Masthead graphic based on a painting by Gudrun Thriemer.

Tuesday, January 16, 2007

"Deadly clashes mount in Mogadishu," The News (Pakistan), January 17, 2007.

MOGADISHU: Somali gunmen battled government and Ethiopian troops in Mogadishu’s heaviest fighting since the ouster of Islamists last month as the fledgling adminstration silenced four broadcasters on Monday for allegedly fomenting unrest.

At least two people died in a gunbattle between forces and rebels in southern Mogadishu, the Islamists’ traditional stronghold, while a policeman was gunned down when a gang raided a cache of weapons he was guarding. The deaths underscored the scale of the task facing President Abdullahi Yusuf Ahmed’s weak interim government, which was only able to supplant the Islamists with the aid of the Ethiopians. As many Somalis seethe at the presence of Ethiopian troops on their streets, Addis Adaba tried to explain its intervention to other African states and urge them to help make a planned peacekeeping force a reality.

Witnesses said rockets and mortar shells were used in the overnight battle. “After the fighting, I saw two bodies, both of them men killed near a pasta factory,” said Munina Ismail. “An explosive that was thrown at the vehicle left many casualties, but I do not know how many,” said Mohamoud Aden, said another local resident in the area which has been the scene of a number of ambushes of troops in recent days.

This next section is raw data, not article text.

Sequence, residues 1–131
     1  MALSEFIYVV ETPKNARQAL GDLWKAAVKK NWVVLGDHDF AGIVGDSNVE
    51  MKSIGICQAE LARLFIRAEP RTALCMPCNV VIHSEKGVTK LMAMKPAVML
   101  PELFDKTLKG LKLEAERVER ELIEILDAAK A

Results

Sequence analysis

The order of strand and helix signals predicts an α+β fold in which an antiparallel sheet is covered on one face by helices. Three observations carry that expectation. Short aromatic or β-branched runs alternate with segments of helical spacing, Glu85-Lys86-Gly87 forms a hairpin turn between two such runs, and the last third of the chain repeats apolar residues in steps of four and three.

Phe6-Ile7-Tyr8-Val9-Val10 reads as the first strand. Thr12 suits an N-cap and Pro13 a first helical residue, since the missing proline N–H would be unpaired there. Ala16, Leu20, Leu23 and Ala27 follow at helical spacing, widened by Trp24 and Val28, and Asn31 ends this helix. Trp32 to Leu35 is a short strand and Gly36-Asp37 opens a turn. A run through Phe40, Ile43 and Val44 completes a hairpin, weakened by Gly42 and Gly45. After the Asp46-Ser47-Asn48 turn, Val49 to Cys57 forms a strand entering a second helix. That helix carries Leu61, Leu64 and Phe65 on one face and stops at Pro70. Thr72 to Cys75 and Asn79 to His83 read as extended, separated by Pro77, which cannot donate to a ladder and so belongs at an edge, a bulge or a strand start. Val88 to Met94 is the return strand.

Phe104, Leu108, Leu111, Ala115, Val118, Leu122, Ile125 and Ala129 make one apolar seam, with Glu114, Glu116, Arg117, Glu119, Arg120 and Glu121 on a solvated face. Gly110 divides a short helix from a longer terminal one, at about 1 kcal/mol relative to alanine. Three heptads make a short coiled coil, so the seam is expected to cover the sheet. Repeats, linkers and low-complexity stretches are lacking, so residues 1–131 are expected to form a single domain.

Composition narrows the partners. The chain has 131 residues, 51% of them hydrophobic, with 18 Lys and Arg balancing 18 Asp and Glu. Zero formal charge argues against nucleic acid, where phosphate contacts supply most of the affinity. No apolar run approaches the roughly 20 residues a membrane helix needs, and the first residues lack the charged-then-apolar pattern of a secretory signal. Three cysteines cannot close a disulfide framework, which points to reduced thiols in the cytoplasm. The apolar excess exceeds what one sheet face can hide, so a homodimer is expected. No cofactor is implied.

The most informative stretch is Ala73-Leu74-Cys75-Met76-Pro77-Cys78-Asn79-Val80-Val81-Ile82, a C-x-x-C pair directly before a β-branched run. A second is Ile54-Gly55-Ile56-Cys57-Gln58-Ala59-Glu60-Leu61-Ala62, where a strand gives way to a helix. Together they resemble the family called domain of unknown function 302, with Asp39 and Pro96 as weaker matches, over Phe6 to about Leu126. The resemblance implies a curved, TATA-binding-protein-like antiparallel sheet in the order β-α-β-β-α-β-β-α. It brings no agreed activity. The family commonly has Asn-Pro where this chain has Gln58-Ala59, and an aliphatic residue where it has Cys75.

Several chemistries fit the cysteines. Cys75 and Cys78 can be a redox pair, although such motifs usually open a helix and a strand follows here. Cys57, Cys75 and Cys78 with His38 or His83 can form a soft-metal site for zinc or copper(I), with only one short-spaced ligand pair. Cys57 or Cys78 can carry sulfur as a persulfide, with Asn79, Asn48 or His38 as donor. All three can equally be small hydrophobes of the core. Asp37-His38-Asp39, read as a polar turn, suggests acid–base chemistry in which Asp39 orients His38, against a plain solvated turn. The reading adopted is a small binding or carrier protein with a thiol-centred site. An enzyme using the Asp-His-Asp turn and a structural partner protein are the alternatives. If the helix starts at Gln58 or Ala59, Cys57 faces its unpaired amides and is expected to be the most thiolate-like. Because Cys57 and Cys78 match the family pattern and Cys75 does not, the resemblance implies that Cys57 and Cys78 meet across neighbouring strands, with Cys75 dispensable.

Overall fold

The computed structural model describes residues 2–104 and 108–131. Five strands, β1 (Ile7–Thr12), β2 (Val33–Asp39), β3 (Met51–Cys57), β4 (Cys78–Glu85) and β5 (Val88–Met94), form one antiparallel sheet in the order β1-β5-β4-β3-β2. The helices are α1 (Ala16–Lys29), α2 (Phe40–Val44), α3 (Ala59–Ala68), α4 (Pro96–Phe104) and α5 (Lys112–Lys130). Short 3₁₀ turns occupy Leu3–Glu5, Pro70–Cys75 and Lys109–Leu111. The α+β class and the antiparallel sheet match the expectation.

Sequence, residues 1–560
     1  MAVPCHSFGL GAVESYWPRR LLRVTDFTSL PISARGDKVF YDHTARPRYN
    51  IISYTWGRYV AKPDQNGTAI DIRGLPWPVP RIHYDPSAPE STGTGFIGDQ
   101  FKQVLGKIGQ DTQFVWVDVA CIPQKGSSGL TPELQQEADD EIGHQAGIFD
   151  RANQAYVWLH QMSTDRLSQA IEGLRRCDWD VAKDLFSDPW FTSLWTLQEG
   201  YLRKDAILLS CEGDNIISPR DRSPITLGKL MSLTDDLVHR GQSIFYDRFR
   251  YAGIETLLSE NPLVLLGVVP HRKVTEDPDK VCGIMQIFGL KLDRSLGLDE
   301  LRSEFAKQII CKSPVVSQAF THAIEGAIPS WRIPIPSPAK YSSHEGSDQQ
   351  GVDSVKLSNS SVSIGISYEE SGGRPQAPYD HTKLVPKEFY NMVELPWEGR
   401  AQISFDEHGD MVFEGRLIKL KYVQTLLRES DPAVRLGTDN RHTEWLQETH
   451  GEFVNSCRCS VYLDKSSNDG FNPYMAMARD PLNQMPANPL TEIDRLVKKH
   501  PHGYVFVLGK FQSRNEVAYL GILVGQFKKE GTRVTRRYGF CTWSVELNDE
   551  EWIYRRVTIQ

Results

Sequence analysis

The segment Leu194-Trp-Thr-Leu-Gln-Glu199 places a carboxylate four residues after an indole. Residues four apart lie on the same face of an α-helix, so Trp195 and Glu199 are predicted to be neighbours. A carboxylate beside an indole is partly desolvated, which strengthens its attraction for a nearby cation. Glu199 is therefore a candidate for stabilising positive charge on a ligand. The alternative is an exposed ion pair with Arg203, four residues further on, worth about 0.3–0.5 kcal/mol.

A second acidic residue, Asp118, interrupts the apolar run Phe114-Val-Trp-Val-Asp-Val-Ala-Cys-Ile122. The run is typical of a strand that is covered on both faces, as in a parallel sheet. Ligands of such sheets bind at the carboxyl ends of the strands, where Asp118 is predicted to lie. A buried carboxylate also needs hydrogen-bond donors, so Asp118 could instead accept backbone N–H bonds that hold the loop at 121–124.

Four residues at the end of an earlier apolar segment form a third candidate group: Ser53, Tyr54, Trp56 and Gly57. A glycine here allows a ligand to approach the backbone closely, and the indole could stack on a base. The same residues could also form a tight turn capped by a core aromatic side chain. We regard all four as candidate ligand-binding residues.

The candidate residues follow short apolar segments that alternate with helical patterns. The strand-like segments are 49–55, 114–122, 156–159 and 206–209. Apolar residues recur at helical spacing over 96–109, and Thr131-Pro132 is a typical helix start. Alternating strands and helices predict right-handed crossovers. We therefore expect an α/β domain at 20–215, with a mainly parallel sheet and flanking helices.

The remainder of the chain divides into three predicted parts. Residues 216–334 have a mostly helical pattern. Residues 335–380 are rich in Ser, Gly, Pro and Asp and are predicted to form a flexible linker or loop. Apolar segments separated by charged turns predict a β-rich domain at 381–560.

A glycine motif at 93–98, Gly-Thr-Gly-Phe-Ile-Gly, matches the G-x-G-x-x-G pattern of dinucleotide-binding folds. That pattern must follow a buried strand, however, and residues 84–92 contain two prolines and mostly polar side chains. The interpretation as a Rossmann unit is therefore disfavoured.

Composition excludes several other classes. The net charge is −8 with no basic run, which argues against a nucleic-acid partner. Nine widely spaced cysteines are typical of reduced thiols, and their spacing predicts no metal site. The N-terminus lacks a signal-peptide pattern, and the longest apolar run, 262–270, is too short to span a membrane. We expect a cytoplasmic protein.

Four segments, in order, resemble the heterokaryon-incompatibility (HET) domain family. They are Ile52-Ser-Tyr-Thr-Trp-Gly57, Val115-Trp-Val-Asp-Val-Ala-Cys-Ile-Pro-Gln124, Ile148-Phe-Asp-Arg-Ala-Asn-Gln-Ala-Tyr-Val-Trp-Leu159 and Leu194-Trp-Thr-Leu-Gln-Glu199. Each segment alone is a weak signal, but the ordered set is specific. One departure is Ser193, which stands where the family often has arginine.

The exchanges dragged on for up to an hour before a joint force of government troops and Ethiopian soldiers brought the situation under control. In the second incident, gunmen raided a nearby police station in Huriwa neighbourhood, gunning down an officer and stealing three rifles.

Ethiopian troops and tanks then arrived, sealing off the area and searching houses for weapons. Parliament approved the imposition of martial law at the weekend, giving the security forces wide-ranging powers.

In a sign of the government’s willingness to flex its muscles, it ordered the Qatar-based satellite television network Al-Jazeera and Mogadishu radio stations Shabelle Radio, Radio HornAfrik and Voice of the Koran radio off the air.

The move drew immediate criticism but government spokesman Abduraman Dinari insisted the step was not aimed at curtailing freedom of speech. “Their coverage is instigating violence in Somalia,” he told Mogadishu’s Simba Radio, which was not hit by the order.

“We are not undermining the freedom of expression, we are ensuring the security of the Somali people. Efforts by the government to assert its authority have been met with scepticism in a country without effective central authority since the 1991 ouster of dictator Mohamed Siad Barre triggered incessant clashes between warlords.

Residents said the overnight fighting was the heaviest since the Islamists, which had managed to restore order during six months in control in Mogadishu, fled on December 28. Ethiopian Prime Minister Meles Zenawi wants to pull out his troops but only Uganda has so far volunteered soldiers for a prospective 8,000-strong African Union peacekeeping force.

Wary of becoming bogged down in a quagmire, Meles dispatched officials to 13 African states to seek support for the force and outline his reasons for the intervention. Leaders would be asked “to extend necessary support to make use of the good opportunity that would ensure peace and security in Somalia,” said a government statement. The transitional government was formed in Kenya in 2004 but was only able to go to Mogadishu when the Ethiopians intervened.

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